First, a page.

- a body of water.
- the sea.
verb (used without object), waved, wav·ing.
verb (used with object), waved, wav·ing.
Origin of wave
Synonyms for wave
Origin of Wave
Related Words for waverush, stream, swell, upsurge, rash, surge, tide, flood, outbreak, sign, crest, influx, movement, fly, flap, twirl, swing, wield, brandish, twist
Examples from the Web for wave
Contemporary Examples of wave
Thus it attracted a wave of cowboy operators to fly passengers and cargo between cities.Who Will Get AsiaAir 8501’s Black Boxes?
December 30, 2014
We prefer to wave away the warning signs; like The Interview, Mulholland Drive was comfortably downplayed as over-the-top satire.Pyongyang Shuffle: Hollywood In Dead Panic Over Sony Hack
December 19, 2014
What are your feelings about the wave of support that always immediately presents itself from the other side?The Unbearable Whiteness of Protesting
Rawiya Kameir, Judnick Mayard
December 10, 2014
Initially, I thought, “OK, they have to throw in a wave… that looks gratuitous.”Neil deGrasse Tyson Breaks Down ‘Interstellar’: Black Holes, Time Dilations, and Massive Waves
November 11, 2014
When de Merode heard the sound of an approaching car he emerged from hiding and tried to wave it down.A Belgian Prince, Gorillas, Guerrillas & the Future of the Congo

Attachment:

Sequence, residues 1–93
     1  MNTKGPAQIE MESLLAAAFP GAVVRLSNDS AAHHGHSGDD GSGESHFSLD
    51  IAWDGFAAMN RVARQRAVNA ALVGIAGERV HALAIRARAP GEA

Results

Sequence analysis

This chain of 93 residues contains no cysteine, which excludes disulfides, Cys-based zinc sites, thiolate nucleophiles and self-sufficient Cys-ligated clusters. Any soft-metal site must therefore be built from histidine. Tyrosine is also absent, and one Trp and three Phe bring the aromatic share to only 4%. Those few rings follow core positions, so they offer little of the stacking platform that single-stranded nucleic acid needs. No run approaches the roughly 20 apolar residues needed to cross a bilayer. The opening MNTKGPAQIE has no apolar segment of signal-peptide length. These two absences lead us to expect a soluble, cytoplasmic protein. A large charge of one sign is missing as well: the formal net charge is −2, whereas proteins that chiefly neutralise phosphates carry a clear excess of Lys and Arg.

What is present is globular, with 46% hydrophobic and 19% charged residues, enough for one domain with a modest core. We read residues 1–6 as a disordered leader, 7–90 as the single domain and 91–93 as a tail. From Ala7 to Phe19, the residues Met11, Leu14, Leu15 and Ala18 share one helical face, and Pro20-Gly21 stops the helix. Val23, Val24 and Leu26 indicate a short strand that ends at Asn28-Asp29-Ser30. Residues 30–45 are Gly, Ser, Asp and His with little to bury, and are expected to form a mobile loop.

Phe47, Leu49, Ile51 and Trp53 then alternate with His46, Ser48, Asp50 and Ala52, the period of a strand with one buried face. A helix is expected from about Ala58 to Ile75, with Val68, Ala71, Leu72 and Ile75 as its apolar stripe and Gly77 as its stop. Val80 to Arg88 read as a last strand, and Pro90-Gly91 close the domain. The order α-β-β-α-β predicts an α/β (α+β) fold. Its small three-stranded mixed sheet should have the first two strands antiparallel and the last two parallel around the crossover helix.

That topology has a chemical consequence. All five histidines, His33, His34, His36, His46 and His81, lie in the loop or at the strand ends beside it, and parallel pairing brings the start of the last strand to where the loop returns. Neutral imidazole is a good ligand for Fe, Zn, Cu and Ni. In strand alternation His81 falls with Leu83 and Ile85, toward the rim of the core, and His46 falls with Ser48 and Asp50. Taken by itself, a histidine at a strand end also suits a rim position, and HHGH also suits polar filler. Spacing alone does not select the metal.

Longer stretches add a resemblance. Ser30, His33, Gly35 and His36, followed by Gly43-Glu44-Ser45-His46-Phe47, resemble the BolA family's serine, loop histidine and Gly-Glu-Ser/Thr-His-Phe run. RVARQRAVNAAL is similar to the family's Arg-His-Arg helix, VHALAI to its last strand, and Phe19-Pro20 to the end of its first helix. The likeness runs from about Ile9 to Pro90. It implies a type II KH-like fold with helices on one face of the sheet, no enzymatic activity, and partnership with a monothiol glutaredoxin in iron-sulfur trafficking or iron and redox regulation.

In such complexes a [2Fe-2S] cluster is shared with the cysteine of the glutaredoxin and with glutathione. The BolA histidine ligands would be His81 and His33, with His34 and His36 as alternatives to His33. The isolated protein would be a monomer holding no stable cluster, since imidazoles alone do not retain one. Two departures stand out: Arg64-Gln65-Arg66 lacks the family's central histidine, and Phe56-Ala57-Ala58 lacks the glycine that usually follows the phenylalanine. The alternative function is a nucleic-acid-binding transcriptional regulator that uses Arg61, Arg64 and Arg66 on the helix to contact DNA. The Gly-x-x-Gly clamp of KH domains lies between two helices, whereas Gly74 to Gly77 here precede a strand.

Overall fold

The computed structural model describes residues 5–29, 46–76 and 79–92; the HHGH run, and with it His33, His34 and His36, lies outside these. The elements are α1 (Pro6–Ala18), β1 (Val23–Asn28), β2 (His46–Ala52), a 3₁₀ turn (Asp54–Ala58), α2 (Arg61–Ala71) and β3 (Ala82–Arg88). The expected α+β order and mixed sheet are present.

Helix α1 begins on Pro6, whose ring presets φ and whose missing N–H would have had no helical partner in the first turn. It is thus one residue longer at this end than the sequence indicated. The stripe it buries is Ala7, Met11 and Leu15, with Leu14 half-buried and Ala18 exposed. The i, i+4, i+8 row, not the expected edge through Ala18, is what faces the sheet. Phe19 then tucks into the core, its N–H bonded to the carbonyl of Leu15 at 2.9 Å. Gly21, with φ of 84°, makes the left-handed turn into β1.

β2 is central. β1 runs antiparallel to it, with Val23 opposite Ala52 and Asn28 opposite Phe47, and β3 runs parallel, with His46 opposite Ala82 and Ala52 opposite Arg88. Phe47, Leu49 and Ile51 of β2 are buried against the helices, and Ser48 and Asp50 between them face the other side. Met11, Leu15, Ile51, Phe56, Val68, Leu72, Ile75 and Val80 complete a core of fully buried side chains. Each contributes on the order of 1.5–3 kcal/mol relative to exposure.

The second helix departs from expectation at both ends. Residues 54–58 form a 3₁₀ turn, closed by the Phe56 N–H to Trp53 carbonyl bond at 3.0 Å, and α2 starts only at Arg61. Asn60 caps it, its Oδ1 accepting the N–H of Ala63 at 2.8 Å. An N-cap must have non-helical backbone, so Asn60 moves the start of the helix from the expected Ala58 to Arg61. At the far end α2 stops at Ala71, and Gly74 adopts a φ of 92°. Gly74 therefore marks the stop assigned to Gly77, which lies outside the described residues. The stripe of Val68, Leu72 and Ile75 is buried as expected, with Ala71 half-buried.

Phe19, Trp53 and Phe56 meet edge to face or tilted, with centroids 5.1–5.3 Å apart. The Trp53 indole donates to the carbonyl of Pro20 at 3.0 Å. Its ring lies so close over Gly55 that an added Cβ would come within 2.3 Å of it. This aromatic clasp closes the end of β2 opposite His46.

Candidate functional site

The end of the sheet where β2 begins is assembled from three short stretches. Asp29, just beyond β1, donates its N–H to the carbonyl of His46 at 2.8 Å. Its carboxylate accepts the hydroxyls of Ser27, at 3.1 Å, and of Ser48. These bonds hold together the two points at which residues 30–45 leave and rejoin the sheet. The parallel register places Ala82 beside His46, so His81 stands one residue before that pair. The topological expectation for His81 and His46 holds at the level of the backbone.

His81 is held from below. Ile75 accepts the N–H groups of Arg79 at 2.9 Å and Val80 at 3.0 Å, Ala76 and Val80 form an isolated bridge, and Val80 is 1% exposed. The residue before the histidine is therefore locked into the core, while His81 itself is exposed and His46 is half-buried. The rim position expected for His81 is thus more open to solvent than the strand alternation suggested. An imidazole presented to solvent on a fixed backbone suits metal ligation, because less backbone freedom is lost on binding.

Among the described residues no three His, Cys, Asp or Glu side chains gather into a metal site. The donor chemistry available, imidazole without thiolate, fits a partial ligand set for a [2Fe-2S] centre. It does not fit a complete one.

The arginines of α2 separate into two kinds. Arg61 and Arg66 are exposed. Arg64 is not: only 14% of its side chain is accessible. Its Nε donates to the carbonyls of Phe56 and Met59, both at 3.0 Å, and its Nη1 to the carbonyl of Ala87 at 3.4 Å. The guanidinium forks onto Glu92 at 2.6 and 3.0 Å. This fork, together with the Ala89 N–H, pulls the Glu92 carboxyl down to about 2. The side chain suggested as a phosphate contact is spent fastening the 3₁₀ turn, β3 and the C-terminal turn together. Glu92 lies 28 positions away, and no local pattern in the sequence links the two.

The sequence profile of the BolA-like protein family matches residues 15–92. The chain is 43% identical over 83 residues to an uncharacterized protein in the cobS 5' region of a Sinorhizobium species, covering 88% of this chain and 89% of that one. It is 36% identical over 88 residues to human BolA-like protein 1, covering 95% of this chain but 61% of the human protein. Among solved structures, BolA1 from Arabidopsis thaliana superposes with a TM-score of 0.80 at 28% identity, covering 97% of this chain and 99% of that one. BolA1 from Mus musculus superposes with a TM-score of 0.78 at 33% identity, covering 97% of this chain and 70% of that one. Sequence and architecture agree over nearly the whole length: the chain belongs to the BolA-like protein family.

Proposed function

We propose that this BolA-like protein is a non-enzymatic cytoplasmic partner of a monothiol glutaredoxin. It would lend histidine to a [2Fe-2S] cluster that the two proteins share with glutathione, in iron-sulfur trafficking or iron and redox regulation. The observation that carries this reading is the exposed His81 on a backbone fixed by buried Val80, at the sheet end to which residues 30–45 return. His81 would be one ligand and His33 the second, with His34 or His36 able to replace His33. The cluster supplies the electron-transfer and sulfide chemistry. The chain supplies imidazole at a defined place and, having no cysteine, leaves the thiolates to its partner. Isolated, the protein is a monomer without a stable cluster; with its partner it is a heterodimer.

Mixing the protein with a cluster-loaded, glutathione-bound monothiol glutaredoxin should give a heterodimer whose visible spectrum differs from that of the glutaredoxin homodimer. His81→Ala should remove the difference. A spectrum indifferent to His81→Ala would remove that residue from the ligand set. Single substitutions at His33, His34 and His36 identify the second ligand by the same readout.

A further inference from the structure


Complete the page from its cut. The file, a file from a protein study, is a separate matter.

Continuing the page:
November 6, 2014
Historical Examples of wave
He lifted Dennet on his shoulder, and bade her wave her parchment.The Armourer's Prentices
Charlotte M. Yonge
Her pity for Priscilla went through and through her in wave after wave.Life and Death of Harriett Frean
Her heart ascended on a wave of thanks to the giver of song.Weighed and Wanting
"That's all right, my boy," cried Yates loftily, with a wave of his hand.In the Midst of Alarms
The wave of humanity that swept down the steps carried Mike in its front wash.Thoroughbreds
W. A. Fraser
Word Origin for wave
"move back and forth," Old English wafian "to wave with the hands" (related to wæfre "wavering, restless"), from Proto-Germanic *wab- (cf. Old Norse vafra "to hover about," Middle High German waben "to wave, undulate"), possibly from PIE root *webh- "to move to and fro; to weave" (see weave (v.)). Meaning "to make a sign by a wave of the hand" is from 1510s. Related: Waved; waving.
I was much further out than you thought
And not waving but drowning.
"moving billow of water," 1520s, from wave (v.), replacing Middle English waw, which is from Old English wagian "to move to and fro" (cf. Old Saxon, Old High German wag, Old Frisian weg, Old Norse vagr "water in motion, wave, billow," Gothic wegs "tempest;" see wag (v.)). The usual Old English word for "moving billow of water" was yð.
The "hand motion" meaning is recorded from 1680s; meaning "undulating line" is recorded from 1660s. Of people in masses, first recorded 1852; in physics, from 1832. Sense in heat wave is from 1843. The crowd stunt in stadiums is attested under this name from 1984, the thing itself said to have been done first Oct. 15, 1981, at the Yankees-A's AL championship series game in the Oakland Coliseum; soon picked up and popularized at University of Washington. To make waves "cause trouble" is attested from 1962.
see make waves.